Reflections – September 11th

Dr. Lonner shown at left

Dr. Lonner shown at left

After the recent anniversary of 9/11, it came to our attention that a documentary running on TV about first responders and medical professionals on 9/11 featured a public record photograph of Dr. Lonner and some of the other physicians taken outside of a hospital that morning by a photo-journalist. Dr. Lonner was surprised to see the photo, not knowing that it had ever been taken. The image captures Dr. Lonner and other physicians and staff outside of the hospital, which is on 17th and Second Avenue. While the hospital was not near the World Trade Center and is an orthopaedics hospital, physicians at hospitals around the city brought stretchers and supplies to the street level expecting and hoping to be brought many injured survivors requiring emergency care. Unfortunately, no one ever came.

Dr. Lonner describes below the context of this photograph and the impact that event had on him as a physician. We wanted to share these thoughts with our patients as we all have our own memories of that day which will not soon be forgotten.

"This was a somber day. As a physician, I felt angered, frustrated, and saddened first by the fact that human beings could perpetrate such horrific acts against innocent individuals and secondly that there was little aid that I and my colleagues could provide as unfortunately there were relatively few survivors of the World Trade Center atrocity. The next day, I went to the site of the devastation as I felt compelled to provide a helping hand at the scene, but again I was frustrated by the fact that the last survivor had been pulled out hours earlier and there was nothing I could do to help. I walked the several miles back to the where the photo is taken, checked in with my colleagues and hospital staff, and then went home. There was nothing we could do. On the way back to the hospital that day, I walked through little Italy in downtown Manhattan which was completely silent except for one restaurant that was open on Mulberry Street. There were five or six tables placed out on the street, with white table cloths, red roses on each, and a beautiful opera blaring on loudspeakers and a patron of the restaurant enjoying a meal. It was a statement to the forces of evil that life will go on. It was a very powerful moment."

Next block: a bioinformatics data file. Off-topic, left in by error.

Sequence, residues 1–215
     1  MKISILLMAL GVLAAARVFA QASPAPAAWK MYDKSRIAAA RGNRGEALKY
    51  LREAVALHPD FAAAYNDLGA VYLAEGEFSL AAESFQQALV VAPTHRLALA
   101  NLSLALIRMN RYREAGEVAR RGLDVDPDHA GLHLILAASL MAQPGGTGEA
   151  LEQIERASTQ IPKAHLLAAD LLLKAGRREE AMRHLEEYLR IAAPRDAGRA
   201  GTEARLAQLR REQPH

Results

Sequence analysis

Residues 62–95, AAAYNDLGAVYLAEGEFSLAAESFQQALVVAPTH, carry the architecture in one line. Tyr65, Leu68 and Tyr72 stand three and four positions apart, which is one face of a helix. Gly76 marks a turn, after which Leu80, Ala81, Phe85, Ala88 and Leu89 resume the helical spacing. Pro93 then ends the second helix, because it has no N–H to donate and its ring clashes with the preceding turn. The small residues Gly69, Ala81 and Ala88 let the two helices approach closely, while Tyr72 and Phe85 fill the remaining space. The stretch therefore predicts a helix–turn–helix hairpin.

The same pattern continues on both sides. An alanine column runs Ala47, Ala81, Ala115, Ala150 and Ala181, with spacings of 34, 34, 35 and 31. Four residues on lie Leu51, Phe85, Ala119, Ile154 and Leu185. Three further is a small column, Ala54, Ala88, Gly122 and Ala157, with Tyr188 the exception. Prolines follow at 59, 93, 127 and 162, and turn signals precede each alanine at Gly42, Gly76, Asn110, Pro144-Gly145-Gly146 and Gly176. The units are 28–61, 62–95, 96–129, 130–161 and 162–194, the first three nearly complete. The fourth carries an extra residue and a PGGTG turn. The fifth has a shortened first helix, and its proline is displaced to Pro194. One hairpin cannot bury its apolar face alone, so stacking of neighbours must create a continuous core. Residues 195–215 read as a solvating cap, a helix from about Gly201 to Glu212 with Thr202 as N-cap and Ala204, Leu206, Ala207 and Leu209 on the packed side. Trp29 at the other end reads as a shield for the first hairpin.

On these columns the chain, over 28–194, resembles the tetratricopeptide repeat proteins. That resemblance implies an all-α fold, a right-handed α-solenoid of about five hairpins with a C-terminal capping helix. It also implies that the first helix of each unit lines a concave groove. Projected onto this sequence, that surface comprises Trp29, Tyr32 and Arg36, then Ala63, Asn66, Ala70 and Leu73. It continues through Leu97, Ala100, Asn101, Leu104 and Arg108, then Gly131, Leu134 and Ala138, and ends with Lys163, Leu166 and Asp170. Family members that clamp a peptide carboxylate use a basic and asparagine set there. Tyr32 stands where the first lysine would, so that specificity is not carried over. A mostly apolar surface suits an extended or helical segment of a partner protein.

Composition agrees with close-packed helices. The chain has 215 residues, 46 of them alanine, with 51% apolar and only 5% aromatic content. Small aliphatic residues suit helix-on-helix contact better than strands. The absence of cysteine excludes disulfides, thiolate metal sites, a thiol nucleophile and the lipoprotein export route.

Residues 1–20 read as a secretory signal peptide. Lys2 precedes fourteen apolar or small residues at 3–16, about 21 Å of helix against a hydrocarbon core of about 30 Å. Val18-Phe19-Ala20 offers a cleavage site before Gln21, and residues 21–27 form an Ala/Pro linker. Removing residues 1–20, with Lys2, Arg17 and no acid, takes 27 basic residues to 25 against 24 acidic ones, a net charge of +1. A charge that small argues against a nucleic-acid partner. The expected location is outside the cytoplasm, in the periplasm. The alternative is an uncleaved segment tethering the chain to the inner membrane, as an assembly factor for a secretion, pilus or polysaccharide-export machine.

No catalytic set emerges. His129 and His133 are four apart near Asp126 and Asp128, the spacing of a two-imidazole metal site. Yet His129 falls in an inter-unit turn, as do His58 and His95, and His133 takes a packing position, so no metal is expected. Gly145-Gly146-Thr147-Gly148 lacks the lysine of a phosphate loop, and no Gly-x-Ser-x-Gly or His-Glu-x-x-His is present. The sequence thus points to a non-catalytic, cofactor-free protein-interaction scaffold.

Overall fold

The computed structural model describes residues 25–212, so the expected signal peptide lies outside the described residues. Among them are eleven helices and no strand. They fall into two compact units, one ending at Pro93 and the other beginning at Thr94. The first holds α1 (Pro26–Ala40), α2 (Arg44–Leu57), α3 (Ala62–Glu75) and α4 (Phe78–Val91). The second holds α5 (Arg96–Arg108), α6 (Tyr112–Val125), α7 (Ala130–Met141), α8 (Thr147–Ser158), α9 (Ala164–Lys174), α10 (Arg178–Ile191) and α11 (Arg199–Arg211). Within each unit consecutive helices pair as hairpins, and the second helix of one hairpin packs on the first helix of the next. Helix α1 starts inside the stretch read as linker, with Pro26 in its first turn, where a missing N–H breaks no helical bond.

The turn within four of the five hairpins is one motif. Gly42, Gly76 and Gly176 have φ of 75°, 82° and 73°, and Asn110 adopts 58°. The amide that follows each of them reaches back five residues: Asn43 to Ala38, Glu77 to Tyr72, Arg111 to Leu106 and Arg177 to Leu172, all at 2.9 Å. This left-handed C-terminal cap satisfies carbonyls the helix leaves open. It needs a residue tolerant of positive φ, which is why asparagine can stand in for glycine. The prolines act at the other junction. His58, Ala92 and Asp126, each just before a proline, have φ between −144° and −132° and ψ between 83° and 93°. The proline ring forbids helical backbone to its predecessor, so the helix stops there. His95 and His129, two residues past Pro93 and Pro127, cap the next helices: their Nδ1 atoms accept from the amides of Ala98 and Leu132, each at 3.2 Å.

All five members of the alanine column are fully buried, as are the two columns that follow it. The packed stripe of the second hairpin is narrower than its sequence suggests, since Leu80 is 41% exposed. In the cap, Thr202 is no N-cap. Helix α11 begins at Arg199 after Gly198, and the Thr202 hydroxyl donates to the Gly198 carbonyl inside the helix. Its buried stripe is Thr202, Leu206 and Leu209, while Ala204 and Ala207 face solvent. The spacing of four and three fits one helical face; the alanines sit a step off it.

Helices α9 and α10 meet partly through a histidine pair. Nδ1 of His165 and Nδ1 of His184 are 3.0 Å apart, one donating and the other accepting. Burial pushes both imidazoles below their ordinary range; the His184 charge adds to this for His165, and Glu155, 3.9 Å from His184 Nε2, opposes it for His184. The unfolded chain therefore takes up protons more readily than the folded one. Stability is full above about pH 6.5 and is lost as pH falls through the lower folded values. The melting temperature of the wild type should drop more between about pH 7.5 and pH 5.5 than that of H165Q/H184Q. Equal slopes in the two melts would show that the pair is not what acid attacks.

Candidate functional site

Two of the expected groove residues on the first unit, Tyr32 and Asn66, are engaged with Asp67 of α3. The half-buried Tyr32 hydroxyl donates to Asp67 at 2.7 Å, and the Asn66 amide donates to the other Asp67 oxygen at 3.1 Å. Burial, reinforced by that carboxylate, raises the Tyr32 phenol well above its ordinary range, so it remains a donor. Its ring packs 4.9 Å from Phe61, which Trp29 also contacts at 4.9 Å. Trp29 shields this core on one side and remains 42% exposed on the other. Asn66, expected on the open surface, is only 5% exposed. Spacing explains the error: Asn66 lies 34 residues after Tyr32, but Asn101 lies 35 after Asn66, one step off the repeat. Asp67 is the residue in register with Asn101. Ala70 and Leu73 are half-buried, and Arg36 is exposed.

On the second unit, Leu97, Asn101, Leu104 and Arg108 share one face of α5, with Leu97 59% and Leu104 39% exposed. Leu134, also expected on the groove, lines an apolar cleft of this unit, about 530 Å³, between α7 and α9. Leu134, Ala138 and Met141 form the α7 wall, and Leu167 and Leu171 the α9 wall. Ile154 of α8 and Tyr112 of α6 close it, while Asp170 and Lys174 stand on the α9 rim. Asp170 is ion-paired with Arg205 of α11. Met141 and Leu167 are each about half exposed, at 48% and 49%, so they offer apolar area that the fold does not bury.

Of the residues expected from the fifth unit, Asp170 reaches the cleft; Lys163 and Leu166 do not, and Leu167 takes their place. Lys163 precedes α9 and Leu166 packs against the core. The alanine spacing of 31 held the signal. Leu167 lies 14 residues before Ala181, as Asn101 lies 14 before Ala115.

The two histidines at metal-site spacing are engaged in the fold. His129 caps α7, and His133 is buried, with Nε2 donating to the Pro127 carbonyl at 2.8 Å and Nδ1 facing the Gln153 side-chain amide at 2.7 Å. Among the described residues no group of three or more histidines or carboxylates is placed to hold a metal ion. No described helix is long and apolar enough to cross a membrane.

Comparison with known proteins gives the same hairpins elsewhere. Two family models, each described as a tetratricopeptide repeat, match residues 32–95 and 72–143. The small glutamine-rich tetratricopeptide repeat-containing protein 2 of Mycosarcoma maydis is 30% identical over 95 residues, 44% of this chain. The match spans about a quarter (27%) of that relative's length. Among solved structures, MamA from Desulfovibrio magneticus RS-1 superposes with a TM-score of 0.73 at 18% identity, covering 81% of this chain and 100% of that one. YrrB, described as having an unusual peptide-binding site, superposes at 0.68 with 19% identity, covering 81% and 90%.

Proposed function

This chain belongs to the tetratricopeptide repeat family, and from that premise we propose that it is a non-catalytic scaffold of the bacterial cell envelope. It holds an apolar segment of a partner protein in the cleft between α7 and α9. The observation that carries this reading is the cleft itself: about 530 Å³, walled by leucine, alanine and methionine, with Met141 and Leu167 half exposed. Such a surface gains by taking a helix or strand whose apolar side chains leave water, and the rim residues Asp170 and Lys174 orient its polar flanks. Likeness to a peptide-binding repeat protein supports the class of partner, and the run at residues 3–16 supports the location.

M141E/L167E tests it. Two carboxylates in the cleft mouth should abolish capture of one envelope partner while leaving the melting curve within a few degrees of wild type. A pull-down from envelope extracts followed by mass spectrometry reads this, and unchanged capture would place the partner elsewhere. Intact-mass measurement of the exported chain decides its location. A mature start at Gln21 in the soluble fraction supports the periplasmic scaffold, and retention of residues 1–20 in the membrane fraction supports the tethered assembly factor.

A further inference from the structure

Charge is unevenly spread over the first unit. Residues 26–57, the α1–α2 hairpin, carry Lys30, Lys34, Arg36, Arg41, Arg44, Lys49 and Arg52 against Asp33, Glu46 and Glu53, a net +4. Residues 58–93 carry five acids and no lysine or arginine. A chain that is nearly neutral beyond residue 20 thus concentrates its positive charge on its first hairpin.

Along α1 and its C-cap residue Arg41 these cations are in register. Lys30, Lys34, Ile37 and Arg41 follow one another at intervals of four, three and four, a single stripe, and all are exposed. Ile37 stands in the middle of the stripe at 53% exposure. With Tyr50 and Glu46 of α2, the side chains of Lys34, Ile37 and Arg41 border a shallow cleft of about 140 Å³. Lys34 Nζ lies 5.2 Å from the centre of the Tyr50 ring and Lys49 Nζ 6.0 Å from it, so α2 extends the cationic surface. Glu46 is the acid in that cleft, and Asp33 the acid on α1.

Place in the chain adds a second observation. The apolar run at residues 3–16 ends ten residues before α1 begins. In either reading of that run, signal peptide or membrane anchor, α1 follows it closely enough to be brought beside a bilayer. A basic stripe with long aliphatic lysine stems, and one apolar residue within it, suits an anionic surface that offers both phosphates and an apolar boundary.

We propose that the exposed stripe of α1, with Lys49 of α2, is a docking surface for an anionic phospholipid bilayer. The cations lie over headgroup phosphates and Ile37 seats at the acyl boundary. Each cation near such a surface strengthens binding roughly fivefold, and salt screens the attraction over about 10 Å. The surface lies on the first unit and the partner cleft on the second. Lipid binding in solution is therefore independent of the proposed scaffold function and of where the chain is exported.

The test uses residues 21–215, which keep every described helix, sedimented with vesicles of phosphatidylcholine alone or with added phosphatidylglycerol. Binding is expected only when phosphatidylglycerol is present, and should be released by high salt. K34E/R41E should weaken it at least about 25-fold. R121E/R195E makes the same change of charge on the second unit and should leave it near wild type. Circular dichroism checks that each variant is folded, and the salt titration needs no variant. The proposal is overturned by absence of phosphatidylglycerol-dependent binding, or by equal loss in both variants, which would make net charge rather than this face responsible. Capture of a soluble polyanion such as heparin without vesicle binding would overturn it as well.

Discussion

Baron Lonner, MD